Proposition 65 was passed into California law almost 20 years ago and attorneys are still finding companies to sue and large settlements to collect. The CCA office continues to receive phone calls from cleaners seeking help with Proposition 65 issues. Unless you prefer to give away $20,000 or more in a settlement, you MUST follow the provisions of this important law!

What is Proposition 65?
Proposition 65 is the short title for the Safe Drinking Water and Toxic Enforcement Act of 1986.

Proposition 65 requires the Governor to publish a list of chemicals that are known to the State of California to cause cancer, birth defects or other reproductive harm. This list must be updated at least once a year. Over 700 chemicals are on this list (including perc and other chemicals used by cleaners).

Businesses that use any chemical on the list and have more than 9 employees are required to provide certain public notifications so to allow California consumers to make informed choices about the products/services they purchase, and to enable residents or workers to take whatever action they deem appropriate to protect themselves from exposures to the listed chemicals.


How is Proposition 65 enforced?
Enforcement is carried out through civil lawsuits. These lawsuits may be brought by the Attorney General, any district attorney, or certain city attorneys (those in cities with a population exceeding 750,000). Lawsuits may also be brought by private parties acting in the public interest, but only after providing notice of the alleged violation to the Attorney General, the appropriate district attorney and city attorney, and the business accused of the violation.

The notice must provide adequate information to allow the recipient to assess the nature of the alleged violation. A notice must comply with the information and procedural requirements specified in regulations. A private party may not pursue an enforcement action directly under Proposition 65 if one of the government officials noted above initiates an action within sixty days of the notice.

A business found to be in violation of Proposition 65 is subject to civil penalties of up to $2,500 per day for each violation. In addition, the business may be ordered by a court of law to stop committing the violation.


Can't we just due to have Proposition 65 thrown out?
After the passage of Proposition 65 many industries and large companies filed lawsuits to have the law scaled back or declared unconstitutional. In 17 years, none of these lawsuits has been successful.


How do I comply with Proposition 65?
In order to protect yourself and your business you MUST perform both of the warning duties listed below. Failure to post a notice ont he premises and failure to post a public notice via mail or your local newspaper exposes you to potential lawsuits. Nearly every violation filed against a cleaner is based on failure to warn/notify.

1. Post your Proposition 65 warning notice in each operating plant, dry agency or cleaning store by the front door. It does not matter what kind of store you have!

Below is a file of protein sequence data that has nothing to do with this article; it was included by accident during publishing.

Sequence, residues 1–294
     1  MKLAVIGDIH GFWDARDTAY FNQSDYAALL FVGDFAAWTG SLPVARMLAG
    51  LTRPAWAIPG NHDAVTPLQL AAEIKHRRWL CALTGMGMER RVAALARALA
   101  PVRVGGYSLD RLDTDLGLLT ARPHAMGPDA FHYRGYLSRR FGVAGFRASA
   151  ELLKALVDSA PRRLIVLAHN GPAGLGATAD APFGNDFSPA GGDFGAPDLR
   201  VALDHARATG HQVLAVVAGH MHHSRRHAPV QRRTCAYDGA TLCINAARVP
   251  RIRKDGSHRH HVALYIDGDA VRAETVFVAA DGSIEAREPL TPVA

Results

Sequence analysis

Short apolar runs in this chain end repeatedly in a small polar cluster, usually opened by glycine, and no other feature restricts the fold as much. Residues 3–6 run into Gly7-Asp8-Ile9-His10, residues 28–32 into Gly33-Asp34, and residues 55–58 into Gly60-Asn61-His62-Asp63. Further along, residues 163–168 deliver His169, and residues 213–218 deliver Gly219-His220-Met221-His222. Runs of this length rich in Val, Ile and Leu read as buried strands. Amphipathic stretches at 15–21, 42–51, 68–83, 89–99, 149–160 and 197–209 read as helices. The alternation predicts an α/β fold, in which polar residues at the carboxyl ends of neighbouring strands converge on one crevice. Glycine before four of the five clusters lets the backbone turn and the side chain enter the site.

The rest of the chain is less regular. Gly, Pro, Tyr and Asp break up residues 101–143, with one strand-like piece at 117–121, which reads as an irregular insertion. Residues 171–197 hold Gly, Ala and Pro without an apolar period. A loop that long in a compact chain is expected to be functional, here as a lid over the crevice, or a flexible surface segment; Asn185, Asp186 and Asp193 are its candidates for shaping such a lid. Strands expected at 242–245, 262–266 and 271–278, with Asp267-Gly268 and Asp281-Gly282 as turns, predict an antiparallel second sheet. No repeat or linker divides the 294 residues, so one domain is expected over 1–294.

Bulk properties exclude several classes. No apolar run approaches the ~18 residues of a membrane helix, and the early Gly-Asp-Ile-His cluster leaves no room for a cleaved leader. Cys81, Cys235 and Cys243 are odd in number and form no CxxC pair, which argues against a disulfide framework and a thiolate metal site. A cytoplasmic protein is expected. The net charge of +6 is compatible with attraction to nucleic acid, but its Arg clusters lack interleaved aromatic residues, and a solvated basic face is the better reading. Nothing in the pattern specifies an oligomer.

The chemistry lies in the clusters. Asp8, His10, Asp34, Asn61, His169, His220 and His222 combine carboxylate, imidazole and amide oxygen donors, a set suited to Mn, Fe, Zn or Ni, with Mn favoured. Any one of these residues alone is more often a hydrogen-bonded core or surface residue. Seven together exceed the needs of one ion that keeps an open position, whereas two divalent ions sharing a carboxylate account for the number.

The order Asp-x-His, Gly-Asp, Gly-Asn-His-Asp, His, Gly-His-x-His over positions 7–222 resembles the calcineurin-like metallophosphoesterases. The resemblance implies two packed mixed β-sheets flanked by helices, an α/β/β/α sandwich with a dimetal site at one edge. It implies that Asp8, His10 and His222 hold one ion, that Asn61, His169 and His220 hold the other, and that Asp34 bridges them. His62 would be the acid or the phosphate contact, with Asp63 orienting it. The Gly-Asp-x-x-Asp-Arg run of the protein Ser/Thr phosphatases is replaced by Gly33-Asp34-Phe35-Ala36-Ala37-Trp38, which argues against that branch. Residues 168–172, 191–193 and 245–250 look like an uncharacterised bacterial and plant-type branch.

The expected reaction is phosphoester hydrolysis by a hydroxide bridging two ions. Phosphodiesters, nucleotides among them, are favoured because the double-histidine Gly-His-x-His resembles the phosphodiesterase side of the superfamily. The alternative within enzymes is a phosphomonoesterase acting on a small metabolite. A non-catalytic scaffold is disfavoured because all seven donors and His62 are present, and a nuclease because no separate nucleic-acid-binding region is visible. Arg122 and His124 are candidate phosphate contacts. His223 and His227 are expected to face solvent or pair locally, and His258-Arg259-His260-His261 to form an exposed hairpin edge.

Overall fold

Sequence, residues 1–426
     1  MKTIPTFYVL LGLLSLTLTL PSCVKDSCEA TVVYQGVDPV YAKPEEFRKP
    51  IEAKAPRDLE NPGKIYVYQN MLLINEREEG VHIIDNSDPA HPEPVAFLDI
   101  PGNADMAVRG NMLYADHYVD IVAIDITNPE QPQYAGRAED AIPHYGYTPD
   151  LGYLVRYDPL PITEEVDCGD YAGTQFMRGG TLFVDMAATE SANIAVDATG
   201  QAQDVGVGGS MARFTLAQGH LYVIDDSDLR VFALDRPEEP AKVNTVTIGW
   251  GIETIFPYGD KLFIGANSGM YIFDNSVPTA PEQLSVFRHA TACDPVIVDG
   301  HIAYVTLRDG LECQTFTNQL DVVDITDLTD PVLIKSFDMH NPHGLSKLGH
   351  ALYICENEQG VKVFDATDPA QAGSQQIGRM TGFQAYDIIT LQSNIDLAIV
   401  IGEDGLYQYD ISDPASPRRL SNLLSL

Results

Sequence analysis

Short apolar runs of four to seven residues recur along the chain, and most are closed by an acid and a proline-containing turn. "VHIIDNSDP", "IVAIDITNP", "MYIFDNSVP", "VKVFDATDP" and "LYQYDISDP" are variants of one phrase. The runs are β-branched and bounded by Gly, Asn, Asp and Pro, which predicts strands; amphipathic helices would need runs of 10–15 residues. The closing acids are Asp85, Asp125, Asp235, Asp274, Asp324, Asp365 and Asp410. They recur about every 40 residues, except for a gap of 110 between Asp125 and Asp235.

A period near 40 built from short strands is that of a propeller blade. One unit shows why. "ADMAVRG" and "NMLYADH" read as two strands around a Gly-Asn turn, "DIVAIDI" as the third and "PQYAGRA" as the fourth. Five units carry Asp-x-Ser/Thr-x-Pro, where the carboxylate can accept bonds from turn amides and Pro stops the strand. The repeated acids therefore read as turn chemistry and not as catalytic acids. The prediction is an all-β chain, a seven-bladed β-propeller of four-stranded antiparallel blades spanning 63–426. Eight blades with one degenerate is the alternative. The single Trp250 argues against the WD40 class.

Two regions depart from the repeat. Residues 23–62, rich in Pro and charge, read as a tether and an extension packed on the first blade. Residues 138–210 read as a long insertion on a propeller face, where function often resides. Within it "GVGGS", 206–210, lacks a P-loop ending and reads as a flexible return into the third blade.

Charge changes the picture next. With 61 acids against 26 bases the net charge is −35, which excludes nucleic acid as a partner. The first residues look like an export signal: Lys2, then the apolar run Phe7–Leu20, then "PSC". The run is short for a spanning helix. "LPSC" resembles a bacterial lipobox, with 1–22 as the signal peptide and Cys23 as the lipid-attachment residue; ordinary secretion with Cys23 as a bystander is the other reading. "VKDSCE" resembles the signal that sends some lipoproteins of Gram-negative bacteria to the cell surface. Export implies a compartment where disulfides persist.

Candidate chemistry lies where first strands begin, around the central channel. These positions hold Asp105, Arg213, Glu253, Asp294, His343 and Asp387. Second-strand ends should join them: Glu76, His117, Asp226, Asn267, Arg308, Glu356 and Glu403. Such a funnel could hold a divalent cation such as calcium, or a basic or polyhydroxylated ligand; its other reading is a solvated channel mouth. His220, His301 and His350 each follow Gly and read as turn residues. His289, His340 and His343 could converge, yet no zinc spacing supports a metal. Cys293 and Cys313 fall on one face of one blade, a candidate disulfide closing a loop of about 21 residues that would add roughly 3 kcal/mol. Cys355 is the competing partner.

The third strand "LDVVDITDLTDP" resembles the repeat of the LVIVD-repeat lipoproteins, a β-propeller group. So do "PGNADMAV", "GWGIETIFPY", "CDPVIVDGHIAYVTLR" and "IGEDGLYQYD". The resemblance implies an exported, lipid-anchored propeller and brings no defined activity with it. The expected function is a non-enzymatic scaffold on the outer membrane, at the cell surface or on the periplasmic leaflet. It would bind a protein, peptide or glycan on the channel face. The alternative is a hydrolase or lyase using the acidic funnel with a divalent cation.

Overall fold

2. Publish a Proposition 65 warning notice every 90 days in your local newspaper. Posting it in the Legal Notice Section of the paper is permissible. Text to use for your published notice is below.

"The Safe Drinking Water and Toxic Enforcement Act of 1986 (Proposition 65) requires the Governor to develop a list of chemicals determined by the state to cause cancer, birth defects or reproductive harm. This law also requires businesses to warn individuals of exposure to listed chemicals. The following cleaner operates their facility in accordance with local, state and federal environmental, health and safety laws. This facility contains a chemical known to the State of California to cause cancer." (Print the Name of Your Facility and the address at the end of this notice.)


CCA recommends keeping a file where you can save your notices after they have been published. We also recommend keeping copies of invoices and bills provided by your local newspaper when you publish your warning notice. You will need them if you are ever mailed a violation notice.

Another good suggestion (though not mandated by law) is to buy your poly bags with the Proposition 65 warning printed on the side. Check with your supply house and make sure you are purchasing the correct plastic bags.


What happens if I don't comply?
Most of the Proposition 65 lawsuits are filed by private attorneys. these are attorneys in California whose entire business is built on filing Proposition 65 lawsuits.

Businesses that are in violation will receive a 60 day notice of violation letter. This letter contains the basis of the alleged violation, a certificate of merit (required by law) and an invitation to respond or to meet to discuss settlement. Depending on your response, the matter could end, enter into settlement negotiations or proceed to court.


What mistakes do businesses make when sent a notice of violation?
The biggest mistake businesses make is ignoring the violation notification letter. A 60 day notice of violation is not a joke nor is it "junk mail." If you have a question as to whether the notice you receive is genuine then contact the CCA office. We will be happy to help you.

The second biggest mistake is failing to consult with your attorney before replying to a notice of violation. The Proposition 65 laws are very detailed and complex. Upon receiving a notice of violation we recommend that cleaners contact an attorney immediately. Have a licensed attorney review the notice of violation, gather information from you and prepare any response letters or communications. While it may cost to have this done, it may save you tens of thousands of dollars in settlements costs.

 
California Cleaners Association • 2520 Venture Oaks Way, Suite 150 • Sacramento, CA 95833
PHONE (916) 239-4070 • FAX (916) 924-7323 • EMAIL US
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